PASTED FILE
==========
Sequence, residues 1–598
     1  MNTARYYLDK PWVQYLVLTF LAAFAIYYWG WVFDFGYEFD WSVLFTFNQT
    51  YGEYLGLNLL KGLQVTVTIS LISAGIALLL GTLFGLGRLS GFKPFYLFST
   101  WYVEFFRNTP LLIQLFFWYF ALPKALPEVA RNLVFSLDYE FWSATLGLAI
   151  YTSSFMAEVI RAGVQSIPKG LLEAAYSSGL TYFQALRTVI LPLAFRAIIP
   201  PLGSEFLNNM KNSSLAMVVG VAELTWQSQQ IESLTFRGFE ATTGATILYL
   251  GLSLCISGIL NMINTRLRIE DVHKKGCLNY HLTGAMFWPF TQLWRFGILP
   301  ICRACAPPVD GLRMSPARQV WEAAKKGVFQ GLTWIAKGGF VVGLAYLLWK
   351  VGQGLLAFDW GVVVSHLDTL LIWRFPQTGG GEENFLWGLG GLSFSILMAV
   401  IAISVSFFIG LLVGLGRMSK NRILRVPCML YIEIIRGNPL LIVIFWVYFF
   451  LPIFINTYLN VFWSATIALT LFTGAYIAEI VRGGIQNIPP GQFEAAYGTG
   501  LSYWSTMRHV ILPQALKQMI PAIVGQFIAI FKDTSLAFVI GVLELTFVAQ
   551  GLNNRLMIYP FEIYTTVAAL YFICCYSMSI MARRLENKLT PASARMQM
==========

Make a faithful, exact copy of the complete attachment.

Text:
Sequence, residues 1–598
     1  MNTARYYLDK PWVQYLVLTF LAAFAIYYWG WVFDFGYEFD WSVLFTFNQT
    51  YGEYLGLNLL KGLQVTVTIS LISAGIALLL GTLFGLGRLS GFKPFYLFST
   101  WYVEFFRNTP LLIQLFFWYF ALPKALPEVA RNLVFSLDYE FWSATLGLAI
   151  YTSSFMAEVI RAGVQSIPKG LLEAAYSSGL TYFQALRTVI LPLAFRAIIP
   201  PLGSEFLNNM KNSSLAMVVG VAELTWQSQQ IESLTFRGFE ATTGATILYL
   251  GLSLCISGIL NMINTRLRIE DVHKKGCLNY HLTGAMFWPF TQLWRFGILP
   301  ICRACAPPVD GLRMSPARQV WEAAKKGVFQ GLTWIAKGGF VVGLAYLLWK
   351  VGQGLLAFDW GVVVSHLDTL LIWRFPQTGG GEENFLWGLG GLSFSILMAV
   401  IAISVSFFIG LLVGLGRMSK NRILRVPCML YIEIIRGNPL LIVIFWVYFF
   451  LPIFINTYLN VFWSATIALT LFTGAYIAEI VRGGIQNIPP GQFEAAYGTG
   501  LSYWSTMRHV ILPQALKQMI PAIVGQFIAI FKDTSLAFVI GVLELTFVAQ
   551  GLNNRLMIYP FEIYTTVAAL YFICCYSMSI MARRLENKLT PASARMQM